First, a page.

The biomechanical and biological effects of conservative treatments on simulated intervertebral disc degeneration using an in-vivo rat-tail model

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The biomechanical and biological effects of conservative treatments on simulated intervertebral disc degeneration using an in-vivo rat-tail model

 

Author: Lai, Alon
Title: The biomechanical and biological effects of conservative treatments on simulated intervertebral disc degeneration using an in-vivo rat-tail model
Degree: Ph.D.
Year: 2008
Subject: Hong Kong Polytechnic University -- Dissertations.
Backache -- Treatment.
Intervertebral disk -- Diseases -- Treatment.
Department: Dept. of Health Technology and Informatics
Pages: xxvii, 332 p. : ill. ; 31 cm.
Language: English
InnoPac Record: http://library.polyu.edu.hk/record=b2233815
URI: http://theses.lib.polyu.edu.hk/handle/200/633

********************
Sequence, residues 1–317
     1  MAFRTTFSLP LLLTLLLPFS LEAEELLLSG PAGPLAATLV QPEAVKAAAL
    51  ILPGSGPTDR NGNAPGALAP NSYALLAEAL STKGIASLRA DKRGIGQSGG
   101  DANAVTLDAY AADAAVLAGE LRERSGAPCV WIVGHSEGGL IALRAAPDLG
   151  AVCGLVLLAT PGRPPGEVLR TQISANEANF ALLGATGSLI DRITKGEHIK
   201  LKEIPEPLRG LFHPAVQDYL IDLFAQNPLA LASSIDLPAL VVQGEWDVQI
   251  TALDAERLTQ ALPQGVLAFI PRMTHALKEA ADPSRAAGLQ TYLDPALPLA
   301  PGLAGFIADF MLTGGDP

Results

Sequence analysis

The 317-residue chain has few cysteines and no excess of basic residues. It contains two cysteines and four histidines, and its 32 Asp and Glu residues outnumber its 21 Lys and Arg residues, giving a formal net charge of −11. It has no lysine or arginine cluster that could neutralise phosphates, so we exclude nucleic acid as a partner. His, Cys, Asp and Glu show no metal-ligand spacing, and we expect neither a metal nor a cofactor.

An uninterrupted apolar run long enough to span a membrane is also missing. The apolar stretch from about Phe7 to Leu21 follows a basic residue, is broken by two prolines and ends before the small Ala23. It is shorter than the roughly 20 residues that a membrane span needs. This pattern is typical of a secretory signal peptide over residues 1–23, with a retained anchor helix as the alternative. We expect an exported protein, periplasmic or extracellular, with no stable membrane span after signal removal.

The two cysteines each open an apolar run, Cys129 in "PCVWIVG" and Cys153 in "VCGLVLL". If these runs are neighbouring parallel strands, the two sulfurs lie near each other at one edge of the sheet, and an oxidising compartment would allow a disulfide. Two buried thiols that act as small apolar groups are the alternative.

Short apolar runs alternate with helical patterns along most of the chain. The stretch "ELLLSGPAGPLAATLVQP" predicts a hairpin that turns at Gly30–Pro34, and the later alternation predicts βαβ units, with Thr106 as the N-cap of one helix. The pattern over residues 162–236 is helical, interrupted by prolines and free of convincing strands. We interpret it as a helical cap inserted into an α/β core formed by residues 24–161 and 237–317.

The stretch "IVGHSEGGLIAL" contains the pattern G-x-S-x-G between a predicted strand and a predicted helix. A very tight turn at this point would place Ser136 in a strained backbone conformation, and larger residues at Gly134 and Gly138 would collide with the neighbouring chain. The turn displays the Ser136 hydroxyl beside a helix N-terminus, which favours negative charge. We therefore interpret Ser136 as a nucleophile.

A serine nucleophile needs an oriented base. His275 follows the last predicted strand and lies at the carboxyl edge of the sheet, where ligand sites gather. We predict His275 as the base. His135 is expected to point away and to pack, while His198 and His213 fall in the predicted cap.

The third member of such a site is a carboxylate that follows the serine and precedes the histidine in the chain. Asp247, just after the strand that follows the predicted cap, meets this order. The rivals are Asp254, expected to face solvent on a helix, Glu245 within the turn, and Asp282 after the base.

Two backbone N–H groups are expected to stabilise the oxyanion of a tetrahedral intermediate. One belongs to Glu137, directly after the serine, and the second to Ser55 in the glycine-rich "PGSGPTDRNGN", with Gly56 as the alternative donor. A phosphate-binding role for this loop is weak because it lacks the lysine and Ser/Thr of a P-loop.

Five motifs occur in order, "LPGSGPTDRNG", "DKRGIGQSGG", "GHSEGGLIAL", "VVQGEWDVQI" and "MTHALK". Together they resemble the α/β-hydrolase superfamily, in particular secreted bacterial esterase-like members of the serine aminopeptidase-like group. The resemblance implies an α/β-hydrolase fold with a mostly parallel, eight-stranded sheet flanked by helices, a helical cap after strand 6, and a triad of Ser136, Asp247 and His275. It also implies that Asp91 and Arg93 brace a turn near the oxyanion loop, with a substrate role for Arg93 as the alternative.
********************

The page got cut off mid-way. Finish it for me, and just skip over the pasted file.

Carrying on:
Abstract: Low back pain (LBP) is a common musculoskeletal problem that affecting more than 50% of population in the world. Degeneration of intervertebral disc has been found to be associated with LBP. Thus, regeneration of degenerated disc may be a potential treatment for LBP. Electro-acupuncture (EA) and traction have long been used for LBP treatment. They have been found to improve pain level, physical activity and functional status and induce biochemical changes in the disc. However, their effects on degenerated disc are still unclear. Thus, the purpose of this study was to study the biomechanical and biological effects of EA and traction on degenerated disc in an attempt to explore whether they could reverse disc degeneration. An in-vivo rat-tail model was adopted and there were two stages in this study: 1) to establish a disc degeneration model, and 2) to investigate the effects of EA and traction on the degenerated disc. In the first stage, static compressions of different magnitudes (11N or 17N) and durations (Ihr or 24hrs per day) were applied to rat 8-9 caudal disc for two weeks. The loads were then removed for following three weeks. In-vivo disc height and angular compliance, laxity and passive range of motion (ROM) as well as in-vitro morphological changes were examined. Significant decreases in disc height, angular laxity and ROM were found after continuous compressions (24hrs per day) of either 11N or 17N. Further decreases in the biomechanical properties were observed after the three weeks resting period. Significant decrease in disc height during resting period was seen after UN continuous compression only. Degenerative morphological changes, including irregular nucleus pulposus, spindle-like nuclear cells, disorganized annulus fibrosus and inward bulging of inner annulus, were observed after the continuous compression. For the 1 hour daily compression, transient increase in disc height and decrease in angular laxity and ROM as well as normal disc structures were found. Continuous compression of 11N was finally adopted as the disc degeneration model for the second stage of the study. In the second stage, simulated EA of different frequencies (2Hz or 100Hz) or traction of different modes (static or intermittent) and magnitudes (1.4N or 4.2N) was applied to rat caudal 8-9 disc with simulated degeneration for three weeks. In-vivo biomechanical properties and in-vitro morphological changes of the disc were examined. Both EA and traction could not demonstrate any effects in restoring the adverse changes induced by the continuous compression. Nevertheless, the effects of EA were found to be frequency dependent while the effects of traction were observed to be traction magnitude dependent. The disc height further decreased after high frequency EA and traction of high magnitude, but maintained after traction of low magnitude. Morphological analysis showed that EA of high frequencies induced further adverse changes. In this study, a rat-tail disc degeneration model was established which could be used for studying the effect of therapeutic interventions. The transient increase in disc height following daily compression indicated daily short duration compression might have beneficial effect on the disc which deserves for further investigation for its clinical value. Both EA and traction were ineffective to restore the degenerative changes induced by continuous compression. Moreover, further degenerative changes were seen following EA of particular frequency and traction of certain loading magnitude might be able to slow the degeneration process. Attention should therefore, be paid in selecting suitable parameters of these treatments for LBP patients with disc degeneration.

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